Do you know the real story of Private Ryan, immortalized in the Tom Hanks movie, Saving Private Ryan? The movie is loosely based on the factual account of the Niland Brothers, specifically the youngest, Sergeant Frederick “Fritz” Niland, presumed to be the only remaining brother of four, during World War II (WWII). Fritz was sent home under the “Sole Survivor Policy”, which was implemented when all five Sullivan Brothers were killed on the same ship, the USS Juneau, earlier in WWII. Why do I bring up this story and what exactly has it to do with Security and SDN? There was a major confluence of events that caused the strategic activities leading to the deaths of both the Sullivan and Niland Brothers. Though less tragic from a human life standpoint, with the advent of SDN and its impact on every facet of networking, I believe we will witness the demise of many protocols, design methods, and, as with most upheavals, some incumbent vendors. Also, if the promises of SDN hold true, the major tenants of good security, control, visibility, and consistent policy implementation will finally be available across multi-vendor environments.
Perhaps, you may think I have overstated the potential impact of SDN. But, think about what is happening within in the world of networking right now. First, we have the “Consumerization of IT” with Bring your Own Device (BYOD). BYOD runs smack into the face of an important tenant of security—control, which I listed above. However, as stated in this Forester blog posting, entitled “BYOC – It’s not About Defiance. It’s About Having the Right Tools for the Job”, if you take a step back and perhaps embrace the change, you may realize new levels of value the transition has created within your organization.
I think it will be the same with Big Data, the second technology transformation I want to mention, which will foster a whole new genre of capabilities through the use of powerful analytic tools and solutions. “Cloud” and Server Virtualization, which allows organizations to be more agile, dynamic, and respond quickly to internal needs of users, as well as the external needs of their customers, is the third major revolutionary technology shift I see in the market. To anyone with a clue, what I have stated isn’t new, but what I think most people miss is the fact that all of these changes cannot take place without rethinking the way networks are designed, utilized, and secured. This is precisely where SDN comes into the story.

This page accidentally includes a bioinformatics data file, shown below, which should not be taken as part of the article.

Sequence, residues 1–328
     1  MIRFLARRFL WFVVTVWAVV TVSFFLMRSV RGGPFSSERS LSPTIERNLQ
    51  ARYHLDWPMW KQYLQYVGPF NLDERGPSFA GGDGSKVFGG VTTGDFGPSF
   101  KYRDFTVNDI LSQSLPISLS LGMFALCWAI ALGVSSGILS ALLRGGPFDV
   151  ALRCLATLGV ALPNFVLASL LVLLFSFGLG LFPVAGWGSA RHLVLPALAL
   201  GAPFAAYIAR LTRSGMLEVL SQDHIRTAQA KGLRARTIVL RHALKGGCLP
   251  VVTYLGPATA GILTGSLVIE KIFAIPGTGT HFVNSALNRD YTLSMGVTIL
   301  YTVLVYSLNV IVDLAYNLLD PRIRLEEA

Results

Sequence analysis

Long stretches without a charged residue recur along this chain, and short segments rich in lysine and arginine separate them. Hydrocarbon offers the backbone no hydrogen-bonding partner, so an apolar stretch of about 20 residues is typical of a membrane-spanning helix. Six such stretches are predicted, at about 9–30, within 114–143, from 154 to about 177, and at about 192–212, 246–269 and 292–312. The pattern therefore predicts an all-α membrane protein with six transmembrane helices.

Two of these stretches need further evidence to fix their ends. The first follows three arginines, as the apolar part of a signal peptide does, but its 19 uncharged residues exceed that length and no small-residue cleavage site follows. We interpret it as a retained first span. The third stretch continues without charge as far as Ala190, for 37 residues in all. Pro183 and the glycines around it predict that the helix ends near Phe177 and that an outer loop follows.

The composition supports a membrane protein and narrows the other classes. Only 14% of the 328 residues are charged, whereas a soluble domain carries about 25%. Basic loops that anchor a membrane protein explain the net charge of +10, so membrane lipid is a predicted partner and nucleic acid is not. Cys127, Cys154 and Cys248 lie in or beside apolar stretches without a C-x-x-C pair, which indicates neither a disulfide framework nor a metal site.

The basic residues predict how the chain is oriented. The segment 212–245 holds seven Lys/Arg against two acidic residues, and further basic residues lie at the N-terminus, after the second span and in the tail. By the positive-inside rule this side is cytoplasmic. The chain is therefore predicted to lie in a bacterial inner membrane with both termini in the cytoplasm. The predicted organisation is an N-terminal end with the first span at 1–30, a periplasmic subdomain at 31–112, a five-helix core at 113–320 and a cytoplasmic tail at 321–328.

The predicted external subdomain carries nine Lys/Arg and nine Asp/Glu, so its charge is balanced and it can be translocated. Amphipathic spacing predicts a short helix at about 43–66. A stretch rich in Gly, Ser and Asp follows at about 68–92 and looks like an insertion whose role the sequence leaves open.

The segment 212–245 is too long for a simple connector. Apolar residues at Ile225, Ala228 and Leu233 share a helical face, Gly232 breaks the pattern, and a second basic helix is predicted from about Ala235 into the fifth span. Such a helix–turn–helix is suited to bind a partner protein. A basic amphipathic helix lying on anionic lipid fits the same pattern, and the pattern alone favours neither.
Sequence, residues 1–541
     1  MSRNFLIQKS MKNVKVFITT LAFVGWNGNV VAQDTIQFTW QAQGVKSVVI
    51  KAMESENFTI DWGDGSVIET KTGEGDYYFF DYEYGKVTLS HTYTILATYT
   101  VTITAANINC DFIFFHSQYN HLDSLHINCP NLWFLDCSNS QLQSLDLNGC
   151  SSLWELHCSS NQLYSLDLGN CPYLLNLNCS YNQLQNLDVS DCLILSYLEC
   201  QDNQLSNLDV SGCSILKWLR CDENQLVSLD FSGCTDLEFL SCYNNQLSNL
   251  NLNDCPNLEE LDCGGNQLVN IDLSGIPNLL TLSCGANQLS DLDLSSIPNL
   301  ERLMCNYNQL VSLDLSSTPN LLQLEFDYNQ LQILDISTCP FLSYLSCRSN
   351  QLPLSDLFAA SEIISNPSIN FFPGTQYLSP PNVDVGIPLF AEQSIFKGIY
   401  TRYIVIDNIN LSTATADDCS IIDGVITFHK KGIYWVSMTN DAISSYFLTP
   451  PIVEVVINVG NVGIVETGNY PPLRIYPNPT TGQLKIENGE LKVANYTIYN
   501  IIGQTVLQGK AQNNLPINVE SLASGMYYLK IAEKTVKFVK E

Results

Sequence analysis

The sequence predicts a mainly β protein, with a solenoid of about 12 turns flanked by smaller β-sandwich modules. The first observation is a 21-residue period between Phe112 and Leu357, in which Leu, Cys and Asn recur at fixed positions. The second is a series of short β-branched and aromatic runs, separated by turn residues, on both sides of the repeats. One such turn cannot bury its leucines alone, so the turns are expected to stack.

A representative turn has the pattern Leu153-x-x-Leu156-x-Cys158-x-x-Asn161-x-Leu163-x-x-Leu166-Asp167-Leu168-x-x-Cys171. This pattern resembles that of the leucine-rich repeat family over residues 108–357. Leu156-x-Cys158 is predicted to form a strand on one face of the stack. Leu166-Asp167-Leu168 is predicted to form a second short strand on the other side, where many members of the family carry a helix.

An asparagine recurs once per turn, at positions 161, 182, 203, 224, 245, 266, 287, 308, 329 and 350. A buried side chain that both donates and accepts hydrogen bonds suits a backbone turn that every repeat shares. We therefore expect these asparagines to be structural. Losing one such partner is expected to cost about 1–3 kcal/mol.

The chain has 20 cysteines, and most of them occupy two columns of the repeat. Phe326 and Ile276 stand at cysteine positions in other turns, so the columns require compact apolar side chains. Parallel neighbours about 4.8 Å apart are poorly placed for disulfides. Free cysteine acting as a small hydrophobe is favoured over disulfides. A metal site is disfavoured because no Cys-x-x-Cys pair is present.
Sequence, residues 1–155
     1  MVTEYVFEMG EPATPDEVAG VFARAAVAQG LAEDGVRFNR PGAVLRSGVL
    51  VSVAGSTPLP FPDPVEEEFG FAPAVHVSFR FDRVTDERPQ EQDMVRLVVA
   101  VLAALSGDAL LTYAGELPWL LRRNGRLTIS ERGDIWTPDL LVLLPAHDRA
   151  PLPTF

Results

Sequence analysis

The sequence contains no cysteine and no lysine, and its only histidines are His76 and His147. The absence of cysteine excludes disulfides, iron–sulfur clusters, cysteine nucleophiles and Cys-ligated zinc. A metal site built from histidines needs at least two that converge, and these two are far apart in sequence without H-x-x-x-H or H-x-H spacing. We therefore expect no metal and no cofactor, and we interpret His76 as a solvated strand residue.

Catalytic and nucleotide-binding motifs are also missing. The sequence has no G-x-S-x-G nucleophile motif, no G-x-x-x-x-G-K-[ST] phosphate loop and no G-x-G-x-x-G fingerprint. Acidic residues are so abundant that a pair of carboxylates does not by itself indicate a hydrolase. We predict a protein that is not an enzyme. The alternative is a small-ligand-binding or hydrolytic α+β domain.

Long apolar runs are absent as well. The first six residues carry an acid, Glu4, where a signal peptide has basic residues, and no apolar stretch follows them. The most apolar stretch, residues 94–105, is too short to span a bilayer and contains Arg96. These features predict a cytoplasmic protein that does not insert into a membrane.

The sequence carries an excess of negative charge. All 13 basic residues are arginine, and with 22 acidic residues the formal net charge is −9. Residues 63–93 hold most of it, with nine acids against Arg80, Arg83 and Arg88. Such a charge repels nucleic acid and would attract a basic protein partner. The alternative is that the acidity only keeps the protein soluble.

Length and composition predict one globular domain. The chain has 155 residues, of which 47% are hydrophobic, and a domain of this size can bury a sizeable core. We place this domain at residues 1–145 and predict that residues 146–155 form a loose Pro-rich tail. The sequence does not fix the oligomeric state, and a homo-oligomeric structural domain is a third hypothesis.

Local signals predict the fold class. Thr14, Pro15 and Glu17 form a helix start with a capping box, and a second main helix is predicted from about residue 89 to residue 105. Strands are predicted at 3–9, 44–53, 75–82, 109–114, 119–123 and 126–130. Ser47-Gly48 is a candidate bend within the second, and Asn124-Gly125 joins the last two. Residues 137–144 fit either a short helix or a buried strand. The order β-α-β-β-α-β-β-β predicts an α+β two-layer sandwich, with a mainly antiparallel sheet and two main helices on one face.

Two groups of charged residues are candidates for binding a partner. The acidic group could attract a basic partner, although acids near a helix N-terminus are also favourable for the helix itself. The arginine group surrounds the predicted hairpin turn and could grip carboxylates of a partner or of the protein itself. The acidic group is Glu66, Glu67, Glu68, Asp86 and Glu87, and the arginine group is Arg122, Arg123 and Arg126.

Yes, technologies such as Ethernet Fabrics are tremendously valuable to cloud-based architectures. Ethernet fabrics eliminate legacy protocols such as Spanning-Tree. They reduce a majority of the operational overhead that is required to manage a modern Data Center network, and frankly, they are just plain cool technology. However, I think an Ethernet Fabric alone is like a great McLaren sports car, missing a driver who can take advantage of everything the car has to offer. If you don’t believe me, take a look at a blog by my colleague Jon Hudson, entitled “Of Chocolate & Peanut Butter: SDN and Fabrics”. He prefers peanut butter and chocolate, as opposed to my car and driver analogy but, I agree with everything Jon has to say, especially if I look at things from a security standpoint.
An SDN-capable network, in some ways, is a security person’s dream scenario. If implemented properly, he or she can get centralized control of a multi-vendor environment, complete visibility into all traffic flows, and uniformed policy enforcement across the entire network. How cool is that? Additionally, you get the added network availability and reliability that comes about when a network infrastructure is controlled by a single configuration file or entity. I have heard that 40% of all network outages can be tied to misconfigurations.
So, what are the drawbacks? Well, SDN is new and with all new technology, it has to mature. What does this means for you? I would say get your hands on the technology as soon as possible. Brocade has announced controller agnostic support for OpenFlow and SDN in the next production release of its NetIron code, version 5.4. If you currently have Brocade equipment that supports this code base, you can take advantage of this technology today. I implore you; especially you security minded folks, to start thinking about the security-related applications and implications of SDN, and also, let me know your thoughts on the subject.